o Kathy and her family are safe in Alabama. No news on the house, yet.
o Travis is in PA. Safe.
o Scott and fam are west and safe. Both rentals are flooded. No word on house.
o Sherry and family back home and have electricity. If need a shower- all welcome.
o Granny is now with Sherry.
o Cindy’s kids are safe. Cindy back in house.
o Kathy in Florida cooking / cleaning to earn stay! Can someone check her house?
o Roads still closed by Kathy’s house.
o Kathy’s fence is down and a tree fell into her bedroom. There is some water.
I was able to change the destination of my flight back home from Louis Armstrong International to Baton Rouge Metropolitan. Kenny flew separately back to Alexandria, LA – where his family was staying. My mom was still in Florida, and I still had not spoken to her directly. An aunt and uncle were staying at my apartment, as I still had electricity. I stayed with my girlfriend, whose entire family had evacuated from New Orleans and was staying in overbooked hotel rooms in Baton Rouge. It all kind of felt like camp at times, with people sleeping on floors and telling stories about their experiences so far. About their survival. Hurricane Katrina Survival Camp.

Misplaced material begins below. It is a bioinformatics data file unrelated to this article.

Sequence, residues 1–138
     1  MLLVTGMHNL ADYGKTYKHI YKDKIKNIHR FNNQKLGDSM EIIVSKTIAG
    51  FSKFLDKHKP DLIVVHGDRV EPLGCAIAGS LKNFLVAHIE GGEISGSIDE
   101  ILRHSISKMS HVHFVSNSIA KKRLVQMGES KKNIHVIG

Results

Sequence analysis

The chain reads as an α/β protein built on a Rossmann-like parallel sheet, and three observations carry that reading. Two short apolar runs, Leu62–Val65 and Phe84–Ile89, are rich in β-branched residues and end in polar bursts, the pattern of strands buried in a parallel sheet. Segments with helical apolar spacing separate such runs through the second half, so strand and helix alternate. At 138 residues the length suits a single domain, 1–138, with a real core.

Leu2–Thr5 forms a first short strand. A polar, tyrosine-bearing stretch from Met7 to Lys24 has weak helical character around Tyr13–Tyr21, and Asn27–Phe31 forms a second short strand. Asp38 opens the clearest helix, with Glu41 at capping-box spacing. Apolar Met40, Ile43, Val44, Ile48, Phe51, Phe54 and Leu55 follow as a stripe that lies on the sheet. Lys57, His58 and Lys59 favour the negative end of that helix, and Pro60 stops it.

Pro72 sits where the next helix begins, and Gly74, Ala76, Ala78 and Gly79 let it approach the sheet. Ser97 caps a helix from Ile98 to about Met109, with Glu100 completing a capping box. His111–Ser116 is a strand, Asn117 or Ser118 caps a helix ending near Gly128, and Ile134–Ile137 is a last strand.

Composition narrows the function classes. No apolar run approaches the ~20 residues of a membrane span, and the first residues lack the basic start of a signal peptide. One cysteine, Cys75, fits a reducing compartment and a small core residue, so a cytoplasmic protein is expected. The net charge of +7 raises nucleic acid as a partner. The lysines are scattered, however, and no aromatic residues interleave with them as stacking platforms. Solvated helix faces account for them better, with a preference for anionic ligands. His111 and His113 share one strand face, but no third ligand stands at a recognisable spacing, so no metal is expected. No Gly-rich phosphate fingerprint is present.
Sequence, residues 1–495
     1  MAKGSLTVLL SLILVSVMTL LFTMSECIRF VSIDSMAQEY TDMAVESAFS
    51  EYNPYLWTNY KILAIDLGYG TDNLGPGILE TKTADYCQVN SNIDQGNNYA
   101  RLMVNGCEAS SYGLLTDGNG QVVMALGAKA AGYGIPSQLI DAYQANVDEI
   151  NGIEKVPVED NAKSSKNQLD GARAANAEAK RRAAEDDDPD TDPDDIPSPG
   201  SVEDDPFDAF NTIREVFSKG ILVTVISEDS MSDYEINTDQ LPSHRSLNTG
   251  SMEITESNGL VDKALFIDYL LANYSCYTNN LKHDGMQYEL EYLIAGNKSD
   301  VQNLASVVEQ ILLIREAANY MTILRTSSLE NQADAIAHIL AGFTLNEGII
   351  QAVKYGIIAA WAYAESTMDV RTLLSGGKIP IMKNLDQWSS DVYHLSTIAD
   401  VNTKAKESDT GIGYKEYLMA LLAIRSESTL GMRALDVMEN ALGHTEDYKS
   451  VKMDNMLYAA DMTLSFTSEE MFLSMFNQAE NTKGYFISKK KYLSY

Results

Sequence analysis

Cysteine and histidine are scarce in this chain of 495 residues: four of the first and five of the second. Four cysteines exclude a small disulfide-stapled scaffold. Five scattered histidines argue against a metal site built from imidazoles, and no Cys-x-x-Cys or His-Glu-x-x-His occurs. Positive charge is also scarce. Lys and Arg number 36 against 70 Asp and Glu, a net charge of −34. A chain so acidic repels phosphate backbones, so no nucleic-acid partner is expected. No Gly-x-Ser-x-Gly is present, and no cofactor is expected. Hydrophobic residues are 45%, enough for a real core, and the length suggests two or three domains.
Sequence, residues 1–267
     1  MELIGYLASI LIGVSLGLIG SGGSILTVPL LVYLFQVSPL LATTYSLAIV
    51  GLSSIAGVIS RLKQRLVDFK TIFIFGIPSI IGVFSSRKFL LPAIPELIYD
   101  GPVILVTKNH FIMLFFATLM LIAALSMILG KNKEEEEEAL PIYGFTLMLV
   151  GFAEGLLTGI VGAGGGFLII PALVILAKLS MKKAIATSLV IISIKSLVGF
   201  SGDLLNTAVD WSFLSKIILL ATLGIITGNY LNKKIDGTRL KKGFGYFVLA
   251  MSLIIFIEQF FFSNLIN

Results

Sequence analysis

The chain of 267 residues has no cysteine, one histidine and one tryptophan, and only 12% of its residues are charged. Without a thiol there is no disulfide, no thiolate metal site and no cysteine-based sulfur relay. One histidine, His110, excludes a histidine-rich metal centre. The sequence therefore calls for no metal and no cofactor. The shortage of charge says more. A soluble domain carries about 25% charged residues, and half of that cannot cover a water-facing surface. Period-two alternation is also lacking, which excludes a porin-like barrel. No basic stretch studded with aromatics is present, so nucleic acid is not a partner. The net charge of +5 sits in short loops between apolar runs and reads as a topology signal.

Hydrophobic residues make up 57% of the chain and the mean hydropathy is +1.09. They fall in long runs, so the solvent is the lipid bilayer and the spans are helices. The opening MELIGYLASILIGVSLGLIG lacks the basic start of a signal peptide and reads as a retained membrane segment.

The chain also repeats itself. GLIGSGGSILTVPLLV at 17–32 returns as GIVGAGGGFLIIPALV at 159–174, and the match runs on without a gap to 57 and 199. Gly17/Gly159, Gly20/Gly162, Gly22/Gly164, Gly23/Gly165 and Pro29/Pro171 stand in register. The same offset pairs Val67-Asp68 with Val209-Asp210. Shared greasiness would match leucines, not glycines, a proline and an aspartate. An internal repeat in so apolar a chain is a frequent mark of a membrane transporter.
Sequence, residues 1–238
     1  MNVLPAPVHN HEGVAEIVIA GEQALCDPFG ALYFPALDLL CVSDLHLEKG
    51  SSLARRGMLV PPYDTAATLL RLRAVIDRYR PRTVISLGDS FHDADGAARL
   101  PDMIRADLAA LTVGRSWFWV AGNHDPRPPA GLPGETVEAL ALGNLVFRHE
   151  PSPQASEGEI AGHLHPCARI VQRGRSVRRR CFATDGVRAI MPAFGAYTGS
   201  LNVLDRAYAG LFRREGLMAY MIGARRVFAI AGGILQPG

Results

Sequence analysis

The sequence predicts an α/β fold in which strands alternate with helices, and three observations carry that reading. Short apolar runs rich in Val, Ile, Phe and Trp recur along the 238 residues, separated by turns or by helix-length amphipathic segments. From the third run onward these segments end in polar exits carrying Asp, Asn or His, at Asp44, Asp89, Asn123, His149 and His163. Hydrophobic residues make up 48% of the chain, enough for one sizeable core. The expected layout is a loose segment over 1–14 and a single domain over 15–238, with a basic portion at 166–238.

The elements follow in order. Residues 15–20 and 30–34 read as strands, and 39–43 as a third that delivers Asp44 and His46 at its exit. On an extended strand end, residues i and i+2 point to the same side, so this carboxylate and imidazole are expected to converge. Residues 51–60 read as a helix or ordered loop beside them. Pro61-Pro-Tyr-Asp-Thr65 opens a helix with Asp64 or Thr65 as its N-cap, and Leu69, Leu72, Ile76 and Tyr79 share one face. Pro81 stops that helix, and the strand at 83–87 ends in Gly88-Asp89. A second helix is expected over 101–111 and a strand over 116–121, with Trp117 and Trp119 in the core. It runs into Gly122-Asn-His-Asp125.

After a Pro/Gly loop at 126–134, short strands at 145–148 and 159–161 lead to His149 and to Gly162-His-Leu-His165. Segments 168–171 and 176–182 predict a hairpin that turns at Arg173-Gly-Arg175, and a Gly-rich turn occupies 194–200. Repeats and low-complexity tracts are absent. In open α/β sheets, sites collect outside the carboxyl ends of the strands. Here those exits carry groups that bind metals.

Even though Baton Rouge is the capital of Louisiana, it had always seemed peaceful. If there wasn’t a football game on Saturday, it was quiet. But the storm shook things up well before anyone was ready. It felt impossible to go anywhere, because it took hours to get across the city. A trip to the grocery store would take half a day. Everything took half a day. On the LSU campus, the Pete Maravich Assembly Center was converted into a field triage base. The basketball hardwood was unrecognizable as a venue for sport, but looked something from an Eastern European war movie. Fights were breaking out in town. Downtown was quarantined. People started buying - and carrying - guns.